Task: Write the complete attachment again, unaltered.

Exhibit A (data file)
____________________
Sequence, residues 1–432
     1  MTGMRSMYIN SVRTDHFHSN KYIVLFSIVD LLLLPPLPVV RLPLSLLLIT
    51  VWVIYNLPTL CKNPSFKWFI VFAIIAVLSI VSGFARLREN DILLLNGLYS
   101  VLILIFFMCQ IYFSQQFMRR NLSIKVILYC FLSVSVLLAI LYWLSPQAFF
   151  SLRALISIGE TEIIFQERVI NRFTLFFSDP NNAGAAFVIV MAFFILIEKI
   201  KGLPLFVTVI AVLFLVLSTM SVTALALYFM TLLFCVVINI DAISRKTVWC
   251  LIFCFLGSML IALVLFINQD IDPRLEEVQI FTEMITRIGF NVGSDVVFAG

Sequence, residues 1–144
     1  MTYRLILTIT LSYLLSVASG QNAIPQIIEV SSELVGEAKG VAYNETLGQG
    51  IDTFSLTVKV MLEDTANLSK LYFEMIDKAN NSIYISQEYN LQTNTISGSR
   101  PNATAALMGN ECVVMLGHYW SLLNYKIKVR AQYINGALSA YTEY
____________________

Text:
Sequence, residues 1–432
     1  MTGMRSMYIN SVRTDHFHSN KYIVLFSIVD LLLLPPLPVV RLPLSLLLIT
    51  VWVIYNLPTL CKNPSFKWFI VFAIIAVLSI VSGFARLREN DILLLNGLYS
   101  VLILIFFMCQ IYFSQQFMRR NLSIKVILYC FLSVSVLLAI LYWLSPQAFF
   151  SLRALISIGE TEIIFQERVI NRFTLFFSDP NNAGAAFVIV MAFFILIEKI
   201  KGLPLFVTVI AVLFLVLSTM SVTALALYFM TLLFCVVINI DAISRKTVWC
   251  LIFCFLGSML IALVLFINQD IDPRLEEVQI FTEMITRIGF NVGSDVVFAG

Sequence, residues 1–144
     1  MTYRLILTIT LSYLLSVASG QNAIPQIIEV SSELVGEAKG VAYNETLGQG
    51  IDTFSLTVKV MLEDTANLSK LYFEMIDKAN NSIYISQEYN LQTNTISGSR
   101  PNATAALMGN ECVVMLGHYW SLLNYKIKVR AQYINGALSA YTEY